If, on the other hand, the type of SSL/TLS session information stored in the cache 706 must be updated frequently, or the network includes a large number of proxy servers 302 (e.g., more than nine proxy servers), then writing each piece of new or updated SSL/TLS session information to every proxy server 302 in the network using a reliable, positive acknowledgement based communication technique may divert significant resources from the network 701. For example, as the number of client computers 301 increases, even infrequent updates to multiple cache memories 705 for each client computer 301 may divert a significant amount of resources from the network 701. Similarly, as the number of proxy servers 302 increases, writing new or updated SSL/TLS session information to the cache memory of each proxy server 302 using a reliable, positive acknowledgement based communication technique may divert a significant amount of resources from the network 701. Further, if the cache 706 becomes too large, it may be difficult to store a complete copy of the cache in the cache memory 705 of a proxy server 302.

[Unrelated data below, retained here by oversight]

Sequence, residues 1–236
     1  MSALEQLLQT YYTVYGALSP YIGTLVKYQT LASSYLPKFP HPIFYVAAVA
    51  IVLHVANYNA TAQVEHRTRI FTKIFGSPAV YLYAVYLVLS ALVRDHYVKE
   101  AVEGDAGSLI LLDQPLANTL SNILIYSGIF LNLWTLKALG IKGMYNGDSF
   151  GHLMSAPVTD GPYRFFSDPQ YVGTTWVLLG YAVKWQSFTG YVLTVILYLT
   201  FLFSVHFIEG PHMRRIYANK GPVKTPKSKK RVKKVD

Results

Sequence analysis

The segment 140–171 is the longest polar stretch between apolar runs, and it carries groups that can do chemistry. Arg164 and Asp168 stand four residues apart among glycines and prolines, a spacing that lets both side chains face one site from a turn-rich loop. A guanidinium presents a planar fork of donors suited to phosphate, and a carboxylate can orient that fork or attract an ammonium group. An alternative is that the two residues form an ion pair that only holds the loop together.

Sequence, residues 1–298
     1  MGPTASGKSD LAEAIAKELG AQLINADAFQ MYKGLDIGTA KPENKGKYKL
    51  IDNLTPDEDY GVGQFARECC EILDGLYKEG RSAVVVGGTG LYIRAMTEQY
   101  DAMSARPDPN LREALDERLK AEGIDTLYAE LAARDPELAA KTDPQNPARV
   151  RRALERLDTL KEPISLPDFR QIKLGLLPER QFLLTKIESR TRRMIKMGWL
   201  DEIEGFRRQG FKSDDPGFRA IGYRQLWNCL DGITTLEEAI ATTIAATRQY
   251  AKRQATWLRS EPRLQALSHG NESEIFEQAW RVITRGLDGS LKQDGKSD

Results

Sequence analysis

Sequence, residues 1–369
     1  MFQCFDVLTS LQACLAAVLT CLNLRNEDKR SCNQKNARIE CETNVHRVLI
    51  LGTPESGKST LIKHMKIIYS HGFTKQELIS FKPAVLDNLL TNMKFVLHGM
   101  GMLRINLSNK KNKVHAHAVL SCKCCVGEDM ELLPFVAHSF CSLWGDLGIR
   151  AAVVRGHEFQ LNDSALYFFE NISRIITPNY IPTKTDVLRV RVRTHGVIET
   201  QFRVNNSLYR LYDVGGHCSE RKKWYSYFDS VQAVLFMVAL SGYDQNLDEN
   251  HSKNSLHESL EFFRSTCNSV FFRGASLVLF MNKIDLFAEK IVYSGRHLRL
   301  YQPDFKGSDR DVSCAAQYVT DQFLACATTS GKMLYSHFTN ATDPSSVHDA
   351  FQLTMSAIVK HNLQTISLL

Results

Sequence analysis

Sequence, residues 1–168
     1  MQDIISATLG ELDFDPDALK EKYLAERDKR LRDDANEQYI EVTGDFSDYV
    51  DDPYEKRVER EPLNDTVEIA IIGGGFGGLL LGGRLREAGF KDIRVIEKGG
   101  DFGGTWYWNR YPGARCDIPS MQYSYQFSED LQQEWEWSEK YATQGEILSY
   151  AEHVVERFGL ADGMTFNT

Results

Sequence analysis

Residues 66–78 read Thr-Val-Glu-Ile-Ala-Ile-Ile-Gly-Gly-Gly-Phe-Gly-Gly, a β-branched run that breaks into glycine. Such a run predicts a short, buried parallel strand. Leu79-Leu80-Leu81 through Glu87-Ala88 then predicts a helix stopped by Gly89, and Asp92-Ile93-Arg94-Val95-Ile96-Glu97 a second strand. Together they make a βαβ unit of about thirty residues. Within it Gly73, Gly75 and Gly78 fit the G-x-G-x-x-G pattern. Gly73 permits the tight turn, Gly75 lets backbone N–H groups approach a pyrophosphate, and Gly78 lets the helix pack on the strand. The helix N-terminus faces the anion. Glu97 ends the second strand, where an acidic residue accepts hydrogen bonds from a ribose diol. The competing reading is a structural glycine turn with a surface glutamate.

Accordingly, a network 801 implementing yet another embodiment of the invention is shown in
This embodiment of the invention additionally includes, however, a cache repository 802, for storing one or more copies of the cache 706. As will be understood from the following explanation, this embodiment is thus a two-tiered configuration for storing the cache 706, rather than a peer configuration as with the previously discussed embodiments of the invention. That is, this embodiment has one tier of SSL/TLS session information storage provided by the cache memories 705A, 705B, 705C, 705D . . . 705φ of the proxy servers 302A, 302B, 302C, 302D . . . 302φ, and a second tier of SSL/TLS session information storage provided by the cache repository 802.